“Last spring, we onboarded nine sensors for measuring the temperature in the recreational areas with bathing facilities. We input that data through the InfoTiles platform and presented the information immediately on the citizen portal,” said Berg.
Instant access to data is good for bathers, but also points to a broader demand for easy access to a wealth of data for a wide range of users and scenarios. The municipality needed a single platform that featured powerful and adaptable interfaces that could help turn raw data into focused, actionable, and shareable information.
“There was no need to use one platform for the data, a second for visualisation, and a third for making sense of it all,” said Berg. “With the InfoTiles solution built on Azure, we have an end-to-end solution from IoT sensors to visualisation across multiple devices and the ‘act-on-fact’ principle is closer to us than ever before.”
With the InfoTiles platform collecting and coordinating data, it helps to free workers from their desks and act more effectively and responsively in the field. In any large-scale data operation security is an issue, but Berg is reassured that input from InfoTiles can be managed through existing security policies and procedures.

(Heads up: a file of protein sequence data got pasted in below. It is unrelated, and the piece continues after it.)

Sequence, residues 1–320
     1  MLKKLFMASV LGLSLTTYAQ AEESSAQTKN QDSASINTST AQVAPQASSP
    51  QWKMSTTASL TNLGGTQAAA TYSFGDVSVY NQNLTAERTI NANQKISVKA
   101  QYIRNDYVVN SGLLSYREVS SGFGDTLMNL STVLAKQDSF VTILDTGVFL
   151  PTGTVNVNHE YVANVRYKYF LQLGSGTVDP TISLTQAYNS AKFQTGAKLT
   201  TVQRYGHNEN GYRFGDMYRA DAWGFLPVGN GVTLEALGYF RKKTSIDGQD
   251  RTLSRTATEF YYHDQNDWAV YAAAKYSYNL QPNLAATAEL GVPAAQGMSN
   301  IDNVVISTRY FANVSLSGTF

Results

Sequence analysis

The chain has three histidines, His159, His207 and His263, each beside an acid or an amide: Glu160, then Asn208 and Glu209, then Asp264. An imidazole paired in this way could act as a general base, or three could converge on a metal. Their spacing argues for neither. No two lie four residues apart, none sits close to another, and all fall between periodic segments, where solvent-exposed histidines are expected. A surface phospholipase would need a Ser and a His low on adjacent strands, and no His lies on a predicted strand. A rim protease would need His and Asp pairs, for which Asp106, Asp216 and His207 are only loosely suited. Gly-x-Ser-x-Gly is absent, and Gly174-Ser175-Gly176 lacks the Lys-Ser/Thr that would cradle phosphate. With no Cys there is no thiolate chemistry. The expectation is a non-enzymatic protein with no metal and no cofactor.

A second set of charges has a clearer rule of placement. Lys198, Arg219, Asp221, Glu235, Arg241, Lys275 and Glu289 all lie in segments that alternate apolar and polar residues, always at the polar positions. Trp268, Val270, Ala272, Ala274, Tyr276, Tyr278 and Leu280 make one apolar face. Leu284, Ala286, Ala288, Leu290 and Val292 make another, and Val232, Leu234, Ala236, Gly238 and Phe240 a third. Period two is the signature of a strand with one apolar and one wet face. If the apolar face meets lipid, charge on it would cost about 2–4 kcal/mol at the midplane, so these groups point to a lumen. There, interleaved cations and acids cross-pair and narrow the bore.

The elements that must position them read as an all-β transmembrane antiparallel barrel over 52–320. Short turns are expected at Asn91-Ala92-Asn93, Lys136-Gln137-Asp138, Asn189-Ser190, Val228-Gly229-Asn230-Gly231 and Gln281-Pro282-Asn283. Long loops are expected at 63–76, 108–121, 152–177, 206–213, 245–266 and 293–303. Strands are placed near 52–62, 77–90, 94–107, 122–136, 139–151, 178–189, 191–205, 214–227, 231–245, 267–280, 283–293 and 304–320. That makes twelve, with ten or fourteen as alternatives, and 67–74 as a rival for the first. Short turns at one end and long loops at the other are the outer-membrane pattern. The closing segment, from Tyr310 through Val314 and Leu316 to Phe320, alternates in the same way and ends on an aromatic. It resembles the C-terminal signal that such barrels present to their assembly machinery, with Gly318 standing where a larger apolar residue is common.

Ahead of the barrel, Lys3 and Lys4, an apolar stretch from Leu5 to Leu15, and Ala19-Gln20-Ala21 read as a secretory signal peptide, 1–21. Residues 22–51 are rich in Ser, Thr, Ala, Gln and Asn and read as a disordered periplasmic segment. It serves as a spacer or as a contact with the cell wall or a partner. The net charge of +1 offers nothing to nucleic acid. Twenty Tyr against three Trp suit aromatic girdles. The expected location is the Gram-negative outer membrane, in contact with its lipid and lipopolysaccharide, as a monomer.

“A concern for us was the potential security risks of sending this data outside of our own servers. We are encouraged that access to this information within the InfoTiles solution is controlled by our own Azure Active Directory, which is completely within our control,” he said.
There is excitement about the mutually beneficial impact of sharing data with other municipalities that adopt such systems.
Hagen said, “I think this platform has great potential due to the underlying Microsoft Azure technology, along with the clever features InfoTiles has built into it. In Norway, we have a great tradition of sharing information and knowledge among all the municipalities.”
Torbjørn Pedersen, Lillestrøm municipality director of digitalisation, said, “This project has created valuable insight through incremental but smart investments. It provides justification and evidence for the IoT concept and shows how important digital competence is in all parts of the organisation.”